Saturday we drove from Sedona to Albuquerque. On the way we were able to visit another of our National Parks, the Petrified Forest and Painted Desert. Wow!!! And, using our new Senior Pass, we got in free. What a great find. Thanks Ranger Scott.
Sunday’s drive was planned to end in Amarillo for the night, but we were having such a good time listening to music of the 40’s, 60’s and the Greatful Dead stations on XM radio, and were so anxious to get to Tulsa, we simply pushed on arriving in T-Town that evening Over the next few days we were inundated with family and friends, all wanting to take us out to dinner or cook for us. Don’t they realize we have a blog to support and adoring fans wanting to follow our escapades?
Finally, after several weeks of turmoil, travel, staying in motels along old Route 66, and finally attempting to settle in to our new location in Tulsa where things weren’t quite ready for us, Judy and I have finally gotten to the point where we can begin to get back to what’s really fun, cooking, eating and writing about it.
Over the next few weeks we’ll try to post as often as possible. We’re actually going to be leaving Tulsa mid-June and heading to our summer residence in Lake Tahoe. We’ll be there for about three months which will give us plenty of time to try out new recipes and pass them on to you.
As I am writing this we are just coming out of a tornado warning. Normal in Tulsa but a little alarming to me. We’ve been watching a major storm pass through the area with major tornadic tendencies. As the sirens were going off in the neighborhood, I grabbed Judy, Oscar the dog, and a flashlight and headed for our “safe place” in the basement. We survived the scare, and went back upstairs for one of the most incredible meals we’ve prepared thus far.
From our kitchen to yours. Enjoy the adventure.
Moroccan Chicken with Raisins, Chickpeas and Couscous
|Moroccan Chicken with Raisins and Couscous|
1 pound Chicken Breasts, uncooked, skinless and boneless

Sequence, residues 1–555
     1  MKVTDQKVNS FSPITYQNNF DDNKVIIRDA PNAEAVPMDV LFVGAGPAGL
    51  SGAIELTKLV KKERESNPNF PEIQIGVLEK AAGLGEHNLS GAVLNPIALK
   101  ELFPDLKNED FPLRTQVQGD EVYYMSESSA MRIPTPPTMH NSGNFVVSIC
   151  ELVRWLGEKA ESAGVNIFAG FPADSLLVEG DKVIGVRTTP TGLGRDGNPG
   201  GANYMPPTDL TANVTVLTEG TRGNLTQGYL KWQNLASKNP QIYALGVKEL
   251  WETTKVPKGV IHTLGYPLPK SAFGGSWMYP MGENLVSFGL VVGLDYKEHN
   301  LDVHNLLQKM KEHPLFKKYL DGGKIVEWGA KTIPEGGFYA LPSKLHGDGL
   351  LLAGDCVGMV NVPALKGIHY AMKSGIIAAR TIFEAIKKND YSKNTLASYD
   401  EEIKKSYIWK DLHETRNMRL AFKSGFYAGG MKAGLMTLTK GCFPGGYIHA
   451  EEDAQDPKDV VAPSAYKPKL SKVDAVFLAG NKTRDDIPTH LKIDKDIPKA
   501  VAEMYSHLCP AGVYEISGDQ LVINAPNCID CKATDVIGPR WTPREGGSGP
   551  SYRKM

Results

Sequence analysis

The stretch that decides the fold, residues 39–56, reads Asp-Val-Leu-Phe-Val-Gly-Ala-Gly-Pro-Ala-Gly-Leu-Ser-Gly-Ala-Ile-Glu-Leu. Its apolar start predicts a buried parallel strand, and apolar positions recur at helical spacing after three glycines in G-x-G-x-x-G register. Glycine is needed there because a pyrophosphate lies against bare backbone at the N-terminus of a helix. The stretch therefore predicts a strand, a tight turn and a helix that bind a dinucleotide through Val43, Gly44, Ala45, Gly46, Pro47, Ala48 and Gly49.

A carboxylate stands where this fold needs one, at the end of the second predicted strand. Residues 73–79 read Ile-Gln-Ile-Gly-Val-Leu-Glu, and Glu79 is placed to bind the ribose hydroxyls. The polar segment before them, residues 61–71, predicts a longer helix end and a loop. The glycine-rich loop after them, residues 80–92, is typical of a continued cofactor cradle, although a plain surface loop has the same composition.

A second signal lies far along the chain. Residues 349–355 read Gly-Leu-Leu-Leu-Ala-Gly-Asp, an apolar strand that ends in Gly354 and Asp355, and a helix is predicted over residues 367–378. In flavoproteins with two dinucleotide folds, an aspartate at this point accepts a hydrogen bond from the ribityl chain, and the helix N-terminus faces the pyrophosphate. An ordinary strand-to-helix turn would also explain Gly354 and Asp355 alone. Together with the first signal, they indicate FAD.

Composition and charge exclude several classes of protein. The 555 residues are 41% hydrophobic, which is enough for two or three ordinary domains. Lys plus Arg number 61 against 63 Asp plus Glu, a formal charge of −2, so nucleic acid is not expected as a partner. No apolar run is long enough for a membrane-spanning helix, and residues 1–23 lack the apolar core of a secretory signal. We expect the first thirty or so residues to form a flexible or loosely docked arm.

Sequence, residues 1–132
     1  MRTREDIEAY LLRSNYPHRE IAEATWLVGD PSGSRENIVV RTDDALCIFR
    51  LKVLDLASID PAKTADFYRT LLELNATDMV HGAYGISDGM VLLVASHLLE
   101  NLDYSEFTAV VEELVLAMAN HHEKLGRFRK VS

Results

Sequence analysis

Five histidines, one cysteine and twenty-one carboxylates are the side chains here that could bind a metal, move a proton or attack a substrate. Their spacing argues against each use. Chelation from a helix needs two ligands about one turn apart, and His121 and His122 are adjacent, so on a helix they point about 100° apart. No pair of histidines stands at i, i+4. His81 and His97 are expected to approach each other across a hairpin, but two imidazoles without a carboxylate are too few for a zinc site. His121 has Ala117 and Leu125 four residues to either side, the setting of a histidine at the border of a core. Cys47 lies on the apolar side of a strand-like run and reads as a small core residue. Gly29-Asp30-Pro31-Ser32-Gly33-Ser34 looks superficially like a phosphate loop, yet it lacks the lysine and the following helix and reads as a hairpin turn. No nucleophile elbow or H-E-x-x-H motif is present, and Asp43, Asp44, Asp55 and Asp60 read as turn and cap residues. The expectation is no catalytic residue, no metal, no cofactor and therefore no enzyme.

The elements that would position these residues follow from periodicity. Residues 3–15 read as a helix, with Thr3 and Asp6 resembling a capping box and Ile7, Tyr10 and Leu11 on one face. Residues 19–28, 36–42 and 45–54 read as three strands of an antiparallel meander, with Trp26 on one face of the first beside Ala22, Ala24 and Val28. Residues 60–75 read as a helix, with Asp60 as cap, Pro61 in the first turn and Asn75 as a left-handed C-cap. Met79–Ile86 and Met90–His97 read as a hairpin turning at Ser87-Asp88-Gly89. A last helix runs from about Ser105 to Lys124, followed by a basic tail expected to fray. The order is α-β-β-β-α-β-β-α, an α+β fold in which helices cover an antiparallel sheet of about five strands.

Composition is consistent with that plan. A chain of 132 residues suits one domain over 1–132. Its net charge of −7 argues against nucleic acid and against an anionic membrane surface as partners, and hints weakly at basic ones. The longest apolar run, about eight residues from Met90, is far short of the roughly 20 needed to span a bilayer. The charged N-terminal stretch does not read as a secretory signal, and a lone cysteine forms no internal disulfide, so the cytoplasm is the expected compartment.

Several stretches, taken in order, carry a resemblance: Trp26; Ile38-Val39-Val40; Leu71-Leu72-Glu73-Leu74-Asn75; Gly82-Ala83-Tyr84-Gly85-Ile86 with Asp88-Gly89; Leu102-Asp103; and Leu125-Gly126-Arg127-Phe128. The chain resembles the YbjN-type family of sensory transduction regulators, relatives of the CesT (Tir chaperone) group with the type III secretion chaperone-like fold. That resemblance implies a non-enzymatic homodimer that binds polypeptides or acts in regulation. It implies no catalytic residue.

1 pound chicken thighs, uncooked, skinless and boneless
1 tsp Black Pepper, freshly ground
1 tsp Garlic powder
1 tsp Onion powder
½ tsp Red pepper flakes
½ cup Chicken Broth, low-sodium, low-fat
½ cup White Wine
14 ½ oz tomatoes, stewed
2 Tbsp Tomato Paste
1 large Onion, chopped
7 Garlic cloves, minced
5 Garlic Cloves, thinly sliced
1 ½ tsp Turmeric
½ tsp Cumin, ground
½ cup Raisins or Currants
2 pinches Cayenne Pepper
½ cup Couscous, uncooked
½ cup Chicken Broth, low-sodium, low-fat
¼ cup Chickpeas, Garbanzo Beans
Cut the Chicken Breasts in half. Season the Chicken with Black Pepper, Garlic powder and Onion powder.
Place in a re-sealable plastic bag in the fridge for about ½ hour.
Place all of the ingredients for the sauce in a large pot over low heat for 45 minutes.
After the sauce has heated for 15 minutes, place the chicken in a 350°F pre-heated oven for 30 minutes. Next, place the partially cooked Chicken in the sauce pot and cook over medium low heat for an additional 30 minutes, stirring occasionally.
Meanwhile, prepare the Couscous. Bring ½ cup of Chicken broth to a boil and add Couscous, stirring until blended. Season with salt and pepper, to taste. Cover, remove from heat and let stand 5 minutes, then fluff with a fork.
Yields 6 servings. PointsPlus value per serving is 7. Prep time is 15 minutes. Cooking time is about an hour. Level of difficulty is Easy.
Weight Watchers and PointsPlus are registered trademarks of Weight Watchers Intl. Inc.
Recipes shown may not be exactly the same as those found on any website. Judy and I tend to "tweak" each recipe we feature, to some degree, incorporating our own unique tastes and ideas. PointsPlus values, however, are accurate.
Photo by Barry Baruh